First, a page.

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Close approach of the Moon and Mars

Dominic Ford, Editor
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The sky at

The Moon and Mars will make a close approach, passing within 0°57' of each other. The Moon will be 9 days old.

From Cambridge, the pair will be visible in the evening sky, becoming accessible around 16:43 (EDT) as the dusk sky fades, 30° above your south-eastern horizon. They will then reach its highest point in the sky at 18:16, 34° above your southern horizon. They will continue to be observable until around 22:40, when they sink below 7° above your south-western horizon.

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The Moon will be at mag -11.9; and Mars will be at mag -0.3. Both objects will lie in the constellation Aquarius.

They will be a little too widely separated to fit comfortably within the field of view of a telescope, but will be visible to the naked eye or through a pair of binoculars.

At around the same time, the pair will also share the same right ascension – called a conjunction.

A graph of the angular separation between the Moon and Mars around the time of closest approach is available here.

The positions of the pair at the moment of closest approach will be as follows:

Object Right Ascension Declination Constellation Magnitude Angular Size
The Moon 22h11m30s -13°59' Aquarius -11.9 29'39"0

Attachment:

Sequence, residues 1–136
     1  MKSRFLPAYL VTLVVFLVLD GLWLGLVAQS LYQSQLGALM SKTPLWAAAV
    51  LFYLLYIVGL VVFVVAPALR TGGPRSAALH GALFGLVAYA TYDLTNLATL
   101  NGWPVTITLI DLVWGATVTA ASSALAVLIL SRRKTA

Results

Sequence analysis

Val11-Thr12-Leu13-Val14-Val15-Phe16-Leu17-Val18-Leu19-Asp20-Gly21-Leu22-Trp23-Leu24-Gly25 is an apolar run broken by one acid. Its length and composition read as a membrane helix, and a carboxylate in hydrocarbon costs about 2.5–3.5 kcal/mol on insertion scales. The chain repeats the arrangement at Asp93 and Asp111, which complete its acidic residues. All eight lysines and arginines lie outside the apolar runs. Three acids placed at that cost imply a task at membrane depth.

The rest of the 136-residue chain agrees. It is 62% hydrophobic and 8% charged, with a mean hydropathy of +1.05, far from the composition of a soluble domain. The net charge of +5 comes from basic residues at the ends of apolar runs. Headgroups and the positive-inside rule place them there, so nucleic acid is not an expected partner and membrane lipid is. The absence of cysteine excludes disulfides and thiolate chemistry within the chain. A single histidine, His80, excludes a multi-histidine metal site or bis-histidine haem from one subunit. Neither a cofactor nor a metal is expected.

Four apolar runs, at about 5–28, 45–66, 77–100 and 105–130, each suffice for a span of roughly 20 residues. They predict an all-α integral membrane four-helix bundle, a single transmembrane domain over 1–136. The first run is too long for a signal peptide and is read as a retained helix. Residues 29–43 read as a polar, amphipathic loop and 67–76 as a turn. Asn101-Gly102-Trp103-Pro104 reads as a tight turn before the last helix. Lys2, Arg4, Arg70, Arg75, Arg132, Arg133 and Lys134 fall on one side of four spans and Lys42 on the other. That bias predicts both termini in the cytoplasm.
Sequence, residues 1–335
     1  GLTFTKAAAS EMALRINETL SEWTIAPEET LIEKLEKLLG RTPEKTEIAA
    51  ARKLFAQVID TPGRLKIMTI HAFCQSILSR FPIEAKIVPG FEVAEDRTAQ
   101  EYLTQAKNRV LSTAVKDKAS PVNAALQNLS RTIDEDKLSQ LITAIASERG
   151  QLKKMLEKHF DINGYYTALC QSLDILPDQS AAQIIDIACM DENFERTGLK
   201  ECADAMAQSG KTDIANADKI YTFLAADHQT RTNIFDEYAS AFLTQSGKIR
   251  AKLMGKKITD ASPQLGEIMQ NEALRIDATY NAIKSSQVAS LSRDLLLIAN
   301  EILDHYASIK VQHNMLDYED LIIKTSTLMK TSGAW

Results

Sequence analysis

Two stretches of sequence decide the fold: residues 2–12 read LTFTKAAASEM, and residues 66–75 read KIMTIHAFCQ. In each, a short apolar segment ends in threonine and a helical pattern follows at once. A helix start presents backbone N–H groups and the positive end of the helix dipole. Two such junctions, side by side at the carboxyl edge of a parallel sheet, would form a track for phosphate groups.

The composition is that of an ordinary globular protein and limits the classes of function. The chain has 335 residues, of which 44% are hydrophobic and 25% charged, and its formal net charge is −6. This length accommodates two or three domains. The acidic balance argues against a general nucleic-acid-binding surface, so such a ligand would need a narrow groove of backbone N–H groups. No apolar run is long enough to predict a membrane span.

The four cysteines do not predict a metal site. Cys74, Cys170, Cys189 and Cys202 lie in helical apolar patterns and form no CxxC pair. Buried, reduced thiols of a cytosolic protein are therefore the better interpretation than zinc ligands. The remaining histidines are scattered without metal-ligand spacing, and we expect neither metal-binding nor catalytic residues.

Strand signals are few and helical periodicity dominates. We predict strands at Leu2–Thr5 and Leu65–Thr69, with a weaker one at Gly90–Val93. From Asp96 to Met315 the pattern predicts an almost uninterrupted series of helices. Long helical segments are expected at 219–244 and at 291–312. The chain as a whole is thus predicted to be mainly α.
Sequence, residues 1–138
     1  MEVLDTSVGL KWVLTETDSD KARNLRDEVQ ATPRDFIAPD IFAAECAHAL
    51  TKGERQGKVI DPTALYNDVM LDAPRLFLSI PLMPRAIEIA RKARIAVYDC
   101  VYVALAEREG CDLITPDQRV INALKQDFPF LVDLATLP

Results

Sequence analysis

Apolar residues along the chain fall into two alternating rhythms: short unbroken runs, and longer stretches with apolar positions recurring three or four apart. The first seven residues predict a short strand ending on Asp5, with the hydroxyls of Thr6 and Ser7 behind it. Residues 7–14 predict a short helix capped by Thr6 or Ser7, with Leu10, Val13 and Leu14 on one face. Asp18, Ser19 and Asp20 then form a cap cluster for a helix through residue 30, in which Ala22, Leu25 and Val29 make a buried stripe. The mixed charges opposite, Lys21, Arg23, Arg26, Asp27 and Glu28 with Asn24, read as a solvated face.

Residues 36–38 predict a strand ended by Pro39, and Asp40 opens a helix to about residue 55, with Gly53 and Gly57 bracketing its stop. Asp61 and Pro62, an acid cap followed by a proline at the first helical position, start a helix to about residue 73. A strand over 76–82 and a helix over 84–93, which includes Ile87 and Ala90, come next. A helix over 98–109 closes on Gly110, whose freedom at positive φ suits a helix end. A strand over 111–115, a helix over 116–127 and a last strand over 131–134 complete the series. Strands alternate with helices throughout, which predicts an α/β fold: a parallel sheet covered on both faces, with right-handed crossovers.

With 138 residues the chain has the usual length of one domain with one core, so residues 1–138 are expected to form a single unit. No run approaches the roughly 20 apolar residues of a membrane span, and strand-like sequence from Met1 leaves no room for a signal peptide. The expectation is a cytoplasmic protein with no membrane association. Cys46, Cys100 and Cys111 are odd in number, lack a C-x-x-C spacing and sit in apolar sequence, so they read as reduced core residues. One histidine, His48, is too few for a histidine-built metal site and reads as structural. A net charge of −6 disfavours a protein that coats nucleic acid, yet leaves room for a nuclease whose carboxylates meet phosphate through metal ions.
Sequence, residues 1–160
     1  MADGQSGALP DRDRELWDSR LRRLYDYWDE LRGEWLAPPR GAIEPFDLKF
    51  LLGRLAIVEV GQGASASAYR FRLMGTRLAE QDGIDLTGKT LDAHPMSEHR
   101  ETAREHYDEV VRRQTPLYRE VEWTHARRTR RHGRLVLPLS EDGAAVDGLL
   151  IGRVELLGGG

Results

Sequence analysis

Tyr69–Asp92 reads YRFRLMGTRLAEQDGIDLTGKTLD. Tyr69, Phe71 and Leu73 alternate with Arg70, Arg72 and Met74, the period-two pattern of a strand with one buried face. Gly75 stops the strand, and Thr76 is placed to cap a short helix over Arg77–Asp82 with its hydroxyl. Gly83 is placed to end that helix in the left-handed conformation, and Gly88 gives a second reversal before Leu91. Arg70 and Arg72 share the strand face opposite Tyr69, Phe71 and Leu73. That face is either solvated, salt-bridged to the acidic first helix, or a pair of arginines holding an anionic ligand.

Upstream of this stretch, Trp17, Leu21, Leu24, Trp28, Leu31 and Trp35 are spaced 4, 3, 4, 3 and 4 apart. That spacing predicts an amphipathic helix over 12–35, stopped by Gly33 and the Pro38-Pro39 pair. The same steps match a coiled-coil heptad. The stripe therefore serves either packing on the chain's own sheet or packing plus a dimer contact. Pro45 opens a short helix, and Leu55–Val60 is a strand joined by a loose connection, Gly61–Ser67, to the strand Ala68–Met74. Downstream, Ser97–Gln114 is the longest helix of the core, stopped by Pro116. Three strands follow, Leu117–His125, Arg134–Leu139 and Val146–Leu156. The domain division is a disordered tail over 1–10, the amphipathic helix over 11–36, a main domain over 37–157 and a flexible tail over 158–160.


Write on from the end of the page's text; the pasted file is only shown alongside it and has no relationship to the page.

Mars 22h10m20s -13°04' Aquarius -0.3 10"4

The coordinates above are given in J2000.0. The pair will be at an angular separation of 96° from the Sun, which is in Libra at this time of year.

The sky on 15 November 2018
Twilight ends
Twilight begins

8-day old moon
Waxing Gibbous


8 days old

Rise Culm. Set
Mercury 08:27 12:52 17:16
Venus 04:15 09:37 14:59
Moon 12:59 18:05 23:12
Mars 13:01 18:15 23:29
Jupiter 07:17 12:04 16:51
Saturn 09:58 14:32 19:05
All times shown in EST.


The circumstances of this event were computed using the DE405 planetary ephemeris published by the Jet Propulsion Laboratory (JPL).

This event was automatically generated by searching the ephemeris for planetary alignments which are of interest to amateur astronomers, and the text above was generated based on an estimate of your location.

Related news

16 Sep 2018  –  Mars at perihelion
25 Aug 2019  –  Mars at aphelion
28 Aug 2019  –  Mars at apogee
02 Sep 2019  –  Mars at solar conjunction

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